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2005 Copyright Reminder

2002 Copyright Reminder Page

TO:                             Members of the Faculty, Hoover Institution Fellows, Senior Fellows, Department Administrators, Academic Staff (teaching and research) and Library Directors.

FROM:                       John Etchemendy, Provost

DATE:                        March 11, 2002

SUBJECT:                 Copyright Reminder

The attached informational sheets are intended to update and remind the University community of the applicability of copyright law at an academic institution like Stanford. The attached sheets cover:

  • BASIC COPYRIGHT PRINCIPLES
  • THE FAIR USE DOCTRINE
  • LIBRARY COPYRIGHT CONSIDERATIONS
  • FACE-TO-FACE TEACHING ACTIVITIES
  • OBTAINING PERMISSION TO USE COPYRIGHTED MATERIAL
  • INTERNET AND ELECTRONIC MEDIUM COPYRIGHT CONCERNS
  • THE DIGITAL MILLENNIUM COPYRIGHT ACT
  • RESOURCES ON COPYRIGHT AND FAIR USE

If these informational sheets and the listed resources do not address your specific copyright concerns, please feel free to contact the Fair Use Panel at 723-5553 for assistance.

BASIC COPYRIGHT PRINCIPLES

The Law. Congress enacted the federal Copyright Act to protect works of authorship. The Act gives the owner of a copyright the exclusive right to do and authorize others to do certain things in regard to a copyrighted work, including: make copies, distribute the work, display or perform the work publicly, and create derivative works.

Original Scope of Copyright. The Act applies to nearly all forms of captured content, including traditional works such as books, photographs, architectural drawings, music, drama and sculpture.

Expanded Scope of Copyright. The copyright laws have adapted to advancing technology by expanding the scope of protected works to include such things as video, motion pictures, electronic media, software, multimedia works and databases.

Test to Determine Copyright. A copyright will attach to an original work that is “fixed in any tangible medium of expression” (i.e., a medium that is captured in an accessible form of content).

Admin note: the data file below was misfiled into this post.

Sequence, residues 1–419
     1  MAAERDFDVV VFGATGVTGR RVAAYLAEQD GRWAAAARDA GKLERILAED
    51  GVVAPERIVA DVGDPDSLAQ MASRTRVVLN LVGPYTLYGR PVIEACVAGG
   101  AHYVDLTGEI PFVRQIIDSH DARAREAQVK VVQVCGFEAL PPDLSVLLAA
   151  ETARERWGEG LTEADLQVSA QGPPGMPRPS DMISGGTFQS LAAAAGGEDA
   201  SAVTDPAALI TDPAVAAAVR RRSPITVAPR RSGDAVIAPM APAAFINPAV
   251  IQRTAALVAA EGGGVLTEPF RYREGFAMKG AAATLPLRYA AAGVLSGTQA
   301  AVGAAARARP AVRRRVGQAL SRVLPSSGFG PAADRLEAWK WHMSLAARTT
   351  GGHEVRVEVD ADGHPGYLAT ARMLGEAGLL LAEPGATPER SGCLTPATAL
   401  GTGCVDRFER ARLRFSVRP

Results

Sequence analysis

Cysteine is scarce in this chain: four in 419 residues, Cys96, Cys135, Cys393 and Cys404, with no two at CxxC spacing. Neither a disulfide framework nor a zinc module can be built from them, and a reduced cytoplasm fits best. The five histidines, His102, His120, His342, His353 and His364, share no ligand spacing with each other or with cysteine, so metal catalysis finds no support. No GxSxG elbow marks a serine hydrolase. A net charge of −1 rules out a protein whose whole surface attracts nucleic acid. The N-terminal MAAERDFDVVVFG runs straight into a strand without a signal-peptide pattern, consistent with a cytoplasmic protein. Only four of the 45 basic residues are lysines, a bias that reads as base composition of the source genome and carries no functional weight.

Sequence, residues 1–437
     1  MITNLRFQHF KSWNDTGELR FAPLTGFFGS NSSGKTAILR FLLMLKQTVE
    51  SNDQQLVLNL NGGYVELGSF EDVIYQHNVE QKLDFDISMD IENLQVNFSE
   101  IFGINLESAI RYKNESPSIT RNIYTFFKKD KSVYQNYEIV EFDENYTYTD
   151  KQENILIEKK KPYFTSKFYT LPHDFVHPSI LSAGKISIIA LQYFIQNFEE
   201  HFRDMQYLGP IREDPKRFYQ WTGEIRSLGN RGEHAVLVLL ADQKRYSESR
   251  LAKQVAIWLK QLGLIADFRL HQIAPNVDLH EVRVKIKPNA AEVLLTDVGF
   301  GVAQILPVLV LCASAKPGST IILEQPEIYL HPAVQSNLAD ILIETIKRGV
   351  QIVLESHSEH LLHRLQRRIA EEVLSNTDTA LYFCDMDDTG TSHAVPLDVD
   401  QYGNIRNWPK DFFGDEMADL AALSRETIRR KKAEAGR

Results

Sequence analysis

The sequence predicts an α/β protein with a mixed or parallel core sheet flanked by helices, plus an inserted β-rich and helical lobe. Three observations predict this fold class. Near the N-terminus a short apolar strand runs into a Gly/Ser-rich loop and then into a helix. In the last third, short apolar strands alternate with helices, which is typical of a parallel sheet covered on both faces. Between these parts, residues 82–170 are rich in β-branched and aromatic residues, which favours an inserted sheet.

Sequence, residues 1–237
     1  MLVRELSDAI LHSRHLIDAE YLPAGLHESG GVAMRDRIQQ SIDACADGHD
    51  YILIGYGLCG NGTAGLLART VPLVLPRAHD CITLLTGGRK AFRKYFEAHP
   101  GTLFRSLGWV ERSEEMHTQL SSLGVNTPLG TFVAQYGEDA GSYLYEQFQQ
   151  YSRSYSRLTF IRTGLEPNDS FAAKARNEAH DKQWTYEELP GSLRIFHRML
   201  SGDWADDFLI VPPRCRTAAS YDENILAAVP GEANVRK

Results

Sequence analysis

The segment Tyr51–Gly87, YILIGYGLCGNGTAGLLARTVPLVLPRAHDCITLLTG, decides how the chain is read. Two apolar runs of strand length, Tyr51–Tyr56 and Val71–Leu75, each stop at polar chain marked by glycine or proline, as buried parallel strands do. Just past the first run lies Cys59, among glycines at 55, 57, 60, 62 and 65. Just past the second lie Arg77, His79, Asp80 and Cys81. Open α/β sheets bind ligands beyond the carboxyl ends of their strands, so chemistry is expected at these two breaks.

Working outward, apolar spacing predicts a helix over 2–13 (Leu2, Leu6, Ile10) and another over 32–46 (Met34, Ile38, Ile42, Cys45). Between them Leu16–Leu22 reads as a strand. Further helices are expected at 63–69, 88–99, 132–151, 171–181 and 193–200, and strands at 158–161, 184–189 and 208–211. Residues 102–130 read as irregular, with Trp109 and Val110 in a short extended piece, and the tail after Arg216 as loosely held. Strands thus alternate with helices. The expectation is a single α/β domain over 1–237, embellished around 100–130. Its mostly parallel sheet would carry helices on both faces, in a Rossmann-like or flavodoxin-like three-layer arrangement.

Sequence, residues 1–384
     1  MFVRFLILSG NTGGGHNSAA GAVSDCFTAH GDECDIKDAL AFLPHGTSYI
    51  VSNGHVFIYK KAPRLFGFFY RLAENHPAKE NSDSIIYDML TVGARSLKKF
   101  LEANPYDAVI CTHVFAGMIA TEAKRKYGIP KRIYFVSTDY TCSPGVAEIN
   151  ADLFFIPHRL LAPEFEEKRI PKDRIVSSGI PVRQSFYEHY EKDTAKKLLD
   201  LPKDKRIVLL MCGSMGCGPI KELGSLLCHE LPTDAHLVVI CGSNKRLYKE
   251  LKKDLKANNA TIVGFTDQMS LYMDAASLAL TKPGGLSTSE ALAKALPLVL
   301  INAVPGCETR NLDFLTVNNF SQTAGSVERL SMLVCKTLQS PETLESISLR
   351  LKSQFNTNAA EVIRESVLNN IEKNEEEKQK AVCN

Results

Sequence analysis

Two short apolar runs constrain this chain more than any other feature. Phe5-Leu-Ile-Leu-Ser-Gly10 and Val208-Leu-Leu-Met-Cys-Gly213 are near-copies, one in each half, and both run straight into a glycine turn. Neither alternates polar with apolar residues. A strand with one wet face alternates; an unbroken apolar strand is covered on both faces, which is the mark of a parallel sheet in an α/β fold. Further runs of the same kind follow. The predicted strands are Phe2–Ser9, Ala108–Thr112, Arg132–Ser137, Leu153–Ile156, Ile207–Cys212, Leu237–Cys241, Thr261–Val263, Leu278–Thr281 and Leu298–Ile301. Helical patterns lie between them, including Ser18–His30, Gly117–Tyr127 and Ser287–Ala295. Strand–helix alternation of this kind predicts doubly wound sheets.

No Mark or Registration Necessary. Since 1989, works are protected by copyright regardless of whether a copyright notice is attached and regardless of whether the copyright is registered.

Public Domain Works. Not all works carry copyrights; those in the public domain may be freely used. Any work published before 1923 is in the public domain. Works published from 1923 through 1978 are protected for 95 years from the publication date, if proper copyright formalities were followed. Since 1978, works generally have copyright protection for the life of the author plus 70 years.

If No Exception, Seek Permission. In academia, the three major exceptions to the copyright owner's right to control the reproduction and use of works of authorship are: the fair use exception, the library exception, and the face-to-face teaching exception. These three exceptions are described below. Unless an exception applies, you must obtain permission to reproduce copyrighted work in any medium for any purpose.

Penalties. The penalties for copyright infringement are harsh. A court may award up to $150,000 for each separate willful infringement.

THE FAIR USE DOCTRINE

Fair Use Defined. The Fair Use Doctrine provides for limited use of copyrighted materials for educational and research purposes without permission from the owners. It is not a blanket exemption. Instead, each proposed use must be analyzed under a four-part test.

Fair Use Applied. Unfortunately, the four-part test to determine fair use is necessarily vague and fact-dependent. In some instances, two reasonable people could apply the four factors to the same facts and reach opposite conclusions. If the weighing and balancing analysis below does not provide an answer, please refer to the Copyright and Fair Use Resources section below.

Fair Use Four Factor Test.

1.     What is the character of the use? Educational, nonprofit and personal use is favored for fair use, while commercial use is disfavored. However, the fact that a use is educational or nonprofit in nature does not in and of itself mean the use is necessarily fair. More important than the educational or nonprofit nature of the use is whether the use is “transformative” in nature. A use is transformative if it builds upon, criticizes, comments on, parodies or otherwise adds something new to the original work. Put another way, the question is whether the new use, in the words of the Supreme Court, merely “supercedes the objects of the original, or instead adds something new, with a further purpose or different character.”

2.     What is the nature of the work to be used? Use of a work that is factual in nature weighs toward a finding of fair use. Use of imaginative works is more likely to require permission.

3.     What is the amount and substantiality of the portion to be used? Using only a small portion of a copyrighted material tips towards fair use, while using large portions indicates a need for permission. Be careful with this factor, however; a court recently held that copying only 5% of a book into a coursepack was not fair use.